Bloomberg, good for the Democrats? First Read, the blog of the NBC News political unit, speculates that a Michael Bloomberg presidential candidacy would help the Democratic nominee in November 2008: “Why? It’s simple — the South. The irony of a Bloomberg candidacy is that it could make the Democrats more competitive in the South because their 35 percent base vote in the South is made up of die-hard Democrats.”
The Bloomberg-helps-the-Dems argument presumes that Bloomberg’s appeal will resemble Ross Perot’s in 1992, notes The Atlantic’s Marc Ambinder. “Perot managed to sap as many liberal independents from Democrats as he did conservative independents from Republicans,” Ambinder writes. “But Bill Clinton’s base was solid enough in the South; more solid than the Republican base. Perot’s other demographic strongholds included younger voters, unmarried Midwesterners, rural voters, evangelicals and protestants.”
But Bloomberg’s appeal is not very similar to Perot’s, as Ambinder explains. He writes:
Perot appealed to downscale Reagan Democrats, to economic populists, to opponents of NAFTA and free trade. He tapped into a vein of populist discontent with both parties, but particularly those branches than ran through Republican arteries once Bush abandoned his no-tax pledge. His technocratic appeal — “I’ll do what works; I’ll balance the budget” — stole a page from the G.O.P. The foreign policy debate was mostly about the peace dividend; it did not, as it does now, overshadow the domestic political environment.
Bloomberg wants something different. He’s hinted at broad, programmatic solutions to intractable problems. He is, at the same time, a cultural liberal with an anti-libertarian streak; ask any New Yorker who smokes, or who enjoyed their trans-fats [cheeseburgers] whether Bloomberg left them alone. Health care, education, the environment — Democrats have an enormous edge right in attracting voters who care about these issues. If Bloomberg somehow offers an alternative, it’s not hard to suppose that many Dem-leaning independents will be attracted to his candidacy.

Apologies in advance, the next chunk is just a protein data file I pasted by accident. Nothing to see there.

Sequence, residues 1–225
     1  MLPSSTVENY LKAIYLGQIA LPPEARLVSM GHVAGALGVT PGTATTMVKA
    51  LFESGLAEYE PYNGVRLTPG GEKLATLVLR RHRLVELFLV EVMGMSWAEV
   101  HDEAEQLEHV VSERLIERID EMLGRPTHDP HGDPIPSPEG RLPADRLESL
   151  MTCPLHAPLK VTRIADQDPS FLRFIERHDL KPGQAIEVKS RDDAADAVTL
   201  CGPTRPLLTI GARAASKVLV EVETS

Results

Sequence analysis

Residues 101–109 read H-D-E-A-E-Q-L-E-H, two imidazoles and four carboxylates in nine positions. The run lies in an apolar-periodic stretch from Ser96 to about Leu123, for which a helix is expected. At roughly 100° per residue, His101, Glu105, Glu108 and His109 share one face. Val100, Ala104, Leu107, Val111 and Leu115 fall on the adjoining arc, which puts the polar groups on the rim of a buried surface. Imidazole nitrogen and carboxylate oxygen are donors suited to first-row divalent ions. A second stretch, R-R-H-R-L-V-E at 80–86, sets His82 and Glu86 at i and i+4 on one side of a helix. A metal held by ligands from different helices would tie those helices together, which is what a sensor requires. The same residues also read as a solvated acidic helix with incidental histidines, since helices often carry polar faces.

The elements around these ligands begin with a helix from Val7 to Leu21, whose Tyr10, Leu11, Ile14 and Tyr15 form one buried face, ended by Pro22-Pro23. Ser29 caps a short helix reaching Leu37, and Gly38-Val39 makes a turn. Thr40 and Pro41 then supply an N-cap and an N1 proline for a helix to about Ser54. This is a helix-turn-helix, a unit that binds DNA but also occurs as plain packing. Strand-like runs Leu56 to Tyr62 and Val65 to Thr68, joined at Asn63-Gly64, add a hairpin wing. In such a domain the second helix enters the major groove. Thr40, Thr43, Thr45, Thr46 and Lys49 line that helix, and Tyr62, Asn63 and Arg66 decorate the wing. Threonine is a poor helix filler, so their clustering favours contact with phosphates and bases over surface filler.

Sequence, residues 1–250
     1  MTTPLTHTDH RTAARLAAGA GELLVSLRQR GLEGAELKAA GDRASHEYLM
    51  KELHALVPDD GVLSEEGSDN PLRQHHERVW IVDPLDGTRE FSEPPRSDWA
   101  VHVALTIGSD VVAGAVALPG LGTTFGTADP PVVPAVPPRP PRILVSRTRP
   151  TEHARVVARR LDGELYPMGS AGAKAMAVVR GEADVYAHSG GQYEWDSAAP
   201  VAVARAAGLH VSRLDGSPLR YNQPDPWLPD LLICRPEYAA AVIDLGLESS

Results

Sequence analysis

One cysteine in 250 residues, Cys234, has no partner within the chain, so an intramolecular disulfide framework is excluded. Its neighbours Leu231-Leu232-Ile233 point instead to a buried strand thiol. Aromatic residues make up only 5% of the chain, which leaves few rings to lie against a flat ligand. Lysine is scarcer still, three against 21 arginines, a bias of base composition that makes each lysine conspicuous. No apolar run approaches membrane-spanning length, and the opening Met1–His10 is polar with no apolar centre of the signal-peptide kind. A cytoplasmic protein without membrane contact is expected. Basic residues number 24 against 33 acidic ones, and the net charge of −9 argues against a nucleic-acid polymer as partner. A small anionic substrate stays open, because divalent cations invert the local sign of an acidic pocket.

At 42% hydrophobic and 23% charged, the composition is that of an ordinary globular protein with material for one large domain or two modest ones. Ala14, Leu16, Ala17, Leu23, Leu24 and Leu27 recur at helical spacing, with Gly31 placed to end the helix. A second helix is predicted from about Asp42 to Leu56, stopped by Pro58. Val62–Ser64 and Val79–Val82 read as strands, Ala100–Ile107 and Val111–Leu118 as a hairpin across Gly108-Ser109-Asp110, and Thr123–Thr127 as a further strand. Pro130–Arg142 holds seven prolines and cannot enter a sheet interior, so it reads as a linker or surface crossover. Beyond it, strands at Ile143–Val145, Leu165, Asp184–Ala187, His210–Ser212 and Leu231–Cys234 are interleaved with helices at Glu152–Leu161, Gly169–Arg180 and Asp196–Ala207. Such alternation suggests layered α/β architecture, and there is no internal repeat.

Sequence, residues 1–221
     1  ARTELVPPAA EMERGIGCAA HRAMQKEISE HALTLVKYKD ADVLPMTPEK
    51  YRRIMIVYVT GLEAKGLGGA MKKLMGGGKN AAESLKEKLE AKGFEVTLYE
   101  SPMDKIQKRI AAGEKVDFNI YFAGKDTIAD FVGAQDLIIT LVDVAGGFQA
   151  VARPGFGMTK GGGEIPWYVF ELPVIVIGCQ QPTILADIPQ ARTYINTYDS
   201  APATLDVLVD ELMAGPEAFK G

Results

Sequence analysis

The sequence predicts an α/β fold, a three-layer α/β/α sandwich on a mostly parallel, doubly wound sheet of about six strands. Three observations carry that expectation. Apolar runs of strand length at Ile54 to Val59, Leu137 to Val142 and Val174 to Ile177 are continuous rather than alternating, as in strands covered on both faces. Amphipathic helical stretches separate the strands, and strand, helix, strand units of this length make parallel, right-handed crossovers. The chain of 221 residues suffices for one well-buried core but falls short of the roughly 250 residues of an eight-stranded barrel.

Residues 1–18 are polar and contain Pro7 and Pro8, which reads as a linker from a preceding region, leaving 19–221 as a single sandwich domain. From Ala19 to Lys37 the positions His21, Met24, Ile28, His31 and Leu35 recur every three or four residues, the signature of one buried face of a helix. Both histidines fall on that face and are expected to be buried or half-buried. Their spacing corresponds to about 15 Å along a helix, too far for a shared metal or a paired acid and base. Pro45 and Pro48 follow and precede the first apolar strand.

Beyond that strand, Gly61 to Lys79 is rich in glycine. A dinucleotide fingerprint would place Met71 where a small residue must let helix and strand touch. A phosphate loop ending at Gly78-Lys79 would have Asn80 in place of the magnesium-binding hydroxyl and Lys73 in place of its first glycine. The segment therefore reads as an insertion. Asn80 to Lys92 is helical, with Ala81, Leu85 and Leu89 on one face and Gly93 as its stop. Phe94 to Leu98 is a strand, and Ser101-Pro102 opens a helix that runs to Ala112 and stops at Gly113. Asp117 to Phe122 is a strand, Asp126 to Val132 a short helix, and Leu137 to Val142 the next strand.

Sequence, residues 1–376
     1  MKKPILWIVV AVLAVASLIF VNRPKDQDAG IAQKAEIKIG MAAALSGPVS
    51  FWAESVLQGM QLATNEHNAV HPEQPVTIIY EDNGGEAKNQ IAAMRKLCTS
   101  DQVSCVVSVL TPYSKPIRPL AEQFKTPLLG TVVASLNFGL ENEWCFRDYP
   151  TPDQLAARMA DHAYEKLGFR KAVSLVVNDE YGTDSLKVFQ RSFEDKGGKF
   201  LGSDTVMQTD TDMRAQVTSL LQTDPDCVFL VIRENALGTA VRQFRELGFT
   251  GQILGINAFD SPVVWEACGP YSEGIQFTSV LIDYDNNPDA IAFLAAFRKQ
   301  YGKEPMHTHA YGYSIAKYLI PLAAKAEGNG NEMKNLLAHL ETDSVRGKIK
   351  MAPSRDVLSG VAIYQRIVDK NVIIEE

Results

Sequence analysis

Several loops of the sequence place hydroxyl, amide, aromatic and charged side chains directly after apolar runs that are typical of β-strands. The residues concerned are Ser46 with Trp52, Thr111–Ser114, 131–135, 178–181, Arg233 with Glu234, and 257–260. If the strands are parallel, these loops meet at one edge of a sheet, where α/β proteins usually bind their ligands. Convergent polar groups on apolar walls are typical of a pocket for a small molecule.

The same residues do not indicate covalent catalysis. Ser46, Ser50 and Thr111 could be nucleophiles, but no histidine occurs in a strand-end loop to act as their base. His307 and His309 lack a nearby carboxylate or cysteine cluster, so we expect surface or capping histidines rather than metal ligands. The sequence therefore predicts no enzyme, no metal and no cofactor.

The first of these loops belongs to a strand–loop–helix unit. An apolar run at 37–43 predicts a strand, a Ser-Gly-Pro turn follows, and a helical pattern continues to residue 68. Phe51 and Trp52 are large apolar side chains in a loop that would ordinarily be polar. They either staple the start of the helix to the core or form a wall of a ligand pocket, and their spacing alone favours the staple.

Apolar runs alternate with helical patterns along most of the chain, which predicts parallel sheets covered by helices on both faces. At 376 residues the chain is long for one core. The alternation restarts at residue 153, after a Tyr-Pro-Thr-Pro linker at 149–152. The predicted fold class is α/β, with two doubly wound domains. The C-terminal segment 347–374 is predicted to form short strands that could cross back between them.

Point two: independents are overcommitted to Democrats right now, giving them as much as 70 percent of their generic presidential support in certain surveys. A conservative Republican candidate wouldn’t attract too many independents anyway, in theory, and Democrats have many independents to spare, and lose. Why assume that Bloomberg wouldn’t take more votes from the Democratic candidate?
The Revolution Will Be Monopolized
This is still CNN: Joshua Levy, co-founder of the blog techPresident, which tracks the role of the Web in the 2008 campaign, is disappointed by the rules for the two presidential debates co-sponsored by CNN and YouTube (the first one will feature the Democratic candidates next month in Charleston, S.C.). Because all of the questions will come from YouTube videos created by Internet users, the debate is being advertised as “a revolution in citizen participation in presidential politics,” Levy notes.
“But there’s a glaring omission,” he objects. “CNN will be the sole arbiters of what videos are shown and questions are asked. This format is contrary to what YouTube’s community of users — and other online communities like it at Digg, Facebook, MySpace, and elsewhere — are used to.” Levy continues:
Members of the YouTube community upload a video hoping that it will be seen, commented on, responded to, and virally spread by their peers. This behavior functions as a kind of distributed voting mechanism, in which those videos the community likes most float to the top (though as Micah [Sifry, the blog’s other founder] suggested earlier today, it doesn’t always work that way).
But if CNN has total editorial control over what videos are shown to the candidates, it’s pulling the rug out from under the so-called “user-generated content” revolution. This stuff is much less fascinating if a third-party gatekeeper comes in and tells us what is interesting and what is fluff. Instead, YouTube and CNN should let YouTube users decide what the best questions are, and then use those questions in the debate.